Last Updated on June 26, 2023
You may have heard the term ‘neutral spine’ in pilates or yoga lessons. Have you ever wondered, “What exactly is this neutral spine? How can I find the neutral spine position? Are there any neutral spine exercises?” Let’s find out together.
What does the neutral position of the spine mean?
Neutral spine is the position when all three curves of the spine [cervical (neck), thoracic (middle) and lumbar (lower) curve] are present and in proper alignment. When the curves are aligned properly, there will be less amount of stress placed upon your spinal structure and joints.
These curves of the spine often get misaligned due to lifestyle habits or through hereditary factors such as muscular imbalances, injuries, and repetitive motions. Over time, these factors lead to postural problems.
Many people habitually have their spine either tucked or tilted, instead of in a neutral spine position. When the spine is in its neutral position, it should be between these tucked and tilted positions.
This means that the cervical (neck) and lumbar (lower back) spine should curve gently inward whereas the thoracic (middle back) spine should curve slightly outward.
How does the neutral spine position serve the body?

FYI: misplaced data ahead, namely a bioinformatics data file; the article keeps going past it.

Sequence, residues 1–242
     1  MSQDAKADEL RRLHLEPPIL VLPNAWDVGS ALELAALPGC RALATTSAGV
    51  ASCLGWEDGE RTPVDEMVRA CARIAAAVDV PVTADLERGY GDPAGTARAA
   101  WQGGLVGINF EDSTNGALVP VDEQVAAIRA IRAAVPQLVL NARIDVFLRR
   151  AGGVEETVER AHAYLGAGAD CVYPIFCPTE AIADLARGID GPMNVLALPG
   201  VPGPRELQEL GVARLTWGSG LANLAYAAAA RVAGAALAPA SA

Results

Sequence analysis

This is the strongest position for the spine when standing or seated, as it allows the body to move in the most natural way. Core muscles (lower back, hips, abdominals) work best when the joints are aligned in a neutral position, too.
Finding your optimal posture with a neutral spine is vital. The natural curves protect the spine, allow for optimum breathing, and support proper muscle activation, and also help prevent knee pain and other joint-related problems.
However, you should bear in mind that there is not one single ideal posture. These spinal curves and alignment are unique, based on every individual’s body shape and hereditary characteristics.
How can you find your neutral spine? – Neutral spine exercises
Everyone who does regular workouts should learn how to find their neutral spine position. Here’s an exercise to help you find your neutral spine position:
- Lie on your back with your knees bent and your feet flat on the floor. Your feet should be parallel.
- Let your arms rest at your sides and relax your whole body.
- Start tilting your pelvis: flatten your lower back to the floor, and curl your tailbone upward. Then, move it in the opposite direction by creating an arch in the lower back so your tailbone points to the ground. Slowly go back and forth between those two motions a few times.
- Find the position that feels the most comfortable in your lower back, somewhere between the two extremes of flattening and arching. Remain in that position. The position where you feel no pain, or least pain, is your neutral spine position.
- Remember this spinal position and try to maintain it while exercising.
If you have difficulty in finding your neutral spine position or if you feel an ache or a stinging sensation in your lower back, consult your doctor.